E-mail: info@adv-ti.net
Tel: +86-0755-23710011
Contact Us


Add: 3F, Unit B, Gangzhilong Science Park, Qinglong Road, Longhua District, Shenzhen, China

Con: Sunny

Tel: 86-0755-23710011

E-mail: sunny@adv-ti.net

Web: www.advanced-titanium.com

Home > News > Content


Titanium Casting Use
Jul 29, 2016

All titanium castings have compositions based on the common wrought alloys. There is no commercial titanium alloy developed strictly for casting applications. This is unusual, because in other metallic systems alloys have been developed specifically as casting alloys, often to overcome certain problems such as poor cast-ability of a wrought-alloy composition. Customers often fail to differentiate between a wrought alloy and cast alloy. No peculiar problems regarding cast-ability or fluidity have been encountered in any of the titanium metals cast to date.

Titanium alloys are classified according to the phases in their microstructure. Alloys that consist mainly of the a phase are called α alloys, whereas those that contain principally the a phase along with small amounts of β-stabilizing elements are termed as nearαtitanium alloys. Alloys that consist of mixtures of phases are classified as α-β alloys. Finally, titanium alloys in which the b phase is stabilized at room temperature after cooling from solution heat treatment are classified as β alloys. Ti-6Al- 4V is the most popular titanium alloy used in the industry worldwide.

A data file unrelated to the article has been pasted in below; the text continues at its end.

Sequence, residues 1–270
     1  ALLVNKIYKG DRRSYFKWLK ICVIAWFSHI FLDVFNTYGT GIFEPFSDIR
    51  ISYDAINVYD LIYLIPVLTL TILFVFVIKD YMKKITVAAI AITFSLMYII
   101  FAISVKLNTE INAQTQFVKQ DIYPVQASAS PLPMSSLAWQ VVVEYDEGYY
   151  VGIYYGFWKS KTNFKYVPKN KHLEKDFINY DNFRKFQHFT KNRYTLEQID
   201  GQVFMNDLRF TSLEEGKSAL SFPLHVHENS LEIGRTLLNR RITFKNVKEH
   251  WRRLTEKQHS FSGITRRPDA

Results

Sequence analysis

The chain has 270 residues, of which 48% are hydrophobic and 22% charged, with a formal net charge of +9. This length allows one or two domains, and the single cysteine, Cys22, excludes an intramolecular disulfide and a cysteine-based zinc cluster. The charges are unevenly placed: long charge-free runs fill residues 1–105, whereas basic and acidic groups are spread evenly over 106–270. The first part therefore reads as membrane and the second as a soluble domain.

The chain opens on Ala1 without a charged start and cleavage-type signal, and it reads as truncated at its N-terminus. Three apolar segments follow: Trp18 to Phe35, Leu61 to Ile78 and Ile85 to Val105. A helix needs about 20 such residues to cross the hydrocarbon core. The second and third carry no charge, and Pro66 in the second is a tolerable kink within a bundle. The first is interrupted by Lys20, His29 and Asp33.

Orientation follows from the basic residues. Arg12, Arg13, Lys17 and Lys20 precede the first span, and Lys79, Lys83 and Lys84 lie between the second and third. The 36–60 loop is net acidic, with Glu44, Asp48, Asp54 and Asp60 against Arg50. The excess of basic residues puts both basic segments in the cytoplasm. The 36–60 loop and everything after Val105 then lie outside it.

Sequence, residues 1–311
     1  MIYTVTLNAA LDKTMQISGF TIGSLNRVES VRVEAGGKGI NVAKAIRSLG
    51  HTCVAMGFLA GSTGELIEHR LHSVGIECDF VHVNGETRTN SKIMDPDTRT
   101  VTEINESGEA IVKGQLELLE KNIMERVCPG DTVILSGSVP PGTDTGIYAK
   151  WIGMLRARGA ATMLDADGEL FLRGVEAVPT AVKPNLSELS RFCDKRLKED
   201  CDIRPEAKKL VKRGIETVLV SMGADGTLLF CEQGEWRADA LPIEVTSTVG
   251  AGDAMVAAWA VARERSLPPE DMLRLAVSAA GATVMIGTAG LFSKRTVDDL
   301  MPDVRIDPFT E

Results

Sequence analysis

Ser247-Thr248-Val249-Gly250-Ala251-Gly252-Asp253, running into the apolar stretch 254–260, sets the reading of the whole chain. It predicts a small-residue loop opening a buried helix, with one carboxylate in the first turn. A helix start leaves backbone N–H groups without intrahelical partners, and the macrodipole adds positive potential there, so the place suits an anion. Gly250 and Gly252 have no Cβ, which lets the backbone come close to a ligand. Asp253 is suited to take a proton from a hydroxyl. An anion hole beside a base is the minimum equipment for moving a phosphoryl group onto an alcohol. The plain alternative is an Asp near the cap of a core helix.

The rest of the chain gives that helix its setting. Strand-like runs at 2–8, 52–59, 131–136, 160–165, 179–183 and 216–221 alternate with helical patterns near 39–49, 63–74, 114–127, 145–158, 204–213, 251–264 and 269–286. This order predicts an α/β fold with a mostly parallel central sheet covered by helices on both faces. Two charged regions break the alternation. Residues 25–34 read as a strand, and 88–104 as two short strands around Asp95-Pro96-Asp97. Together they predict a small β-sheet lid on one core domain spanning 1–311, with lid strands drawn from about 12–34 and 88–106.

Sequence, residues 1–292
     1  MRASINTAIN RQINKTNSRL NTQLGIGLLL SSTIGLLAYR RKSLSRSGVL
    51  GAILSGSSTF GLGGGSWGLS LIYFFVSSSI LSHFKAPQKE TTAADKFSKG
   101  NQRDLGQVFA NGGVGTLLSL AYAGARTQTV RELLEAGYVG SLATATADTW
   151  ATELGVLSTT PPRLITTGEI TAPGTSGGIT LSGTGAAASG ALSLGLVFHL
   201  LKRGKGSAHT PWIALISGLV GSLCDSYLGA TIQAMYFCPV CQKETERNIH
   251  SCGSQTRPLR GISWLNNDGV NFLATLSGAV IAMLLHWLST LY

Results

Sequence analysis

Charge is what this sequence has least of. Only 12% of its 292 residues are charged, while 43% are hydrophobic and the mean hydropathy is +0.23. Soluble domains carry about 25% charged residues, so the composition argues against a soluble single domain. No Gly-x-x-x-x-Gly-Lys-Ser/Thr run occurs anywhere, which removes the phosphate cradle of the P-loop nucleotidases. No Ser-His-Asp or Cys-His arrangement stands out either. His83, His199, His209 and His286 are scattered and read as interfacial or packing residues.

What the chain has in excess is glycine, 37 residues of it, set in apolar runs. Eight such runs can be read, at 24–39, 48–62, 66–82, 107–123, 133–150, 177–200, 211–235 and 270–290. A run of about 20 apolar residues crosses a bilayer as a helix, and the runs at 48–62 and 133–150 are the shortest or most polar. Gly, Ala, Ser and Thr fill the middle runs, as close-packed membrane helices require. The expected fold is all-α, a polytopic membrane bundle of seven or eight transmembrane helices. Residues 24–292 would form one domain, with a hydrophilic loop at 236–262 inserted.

Titanium castings are used primarily in three areas of application: aerospace products, marine service and industrial (corrosion) service. Commercially pure titanium (ASTM grade 1, 2 or 3) is used for the vast majority of corrosion applications, where as Ti-6Al-4V is the dominant alloy for aerospace and marine applications.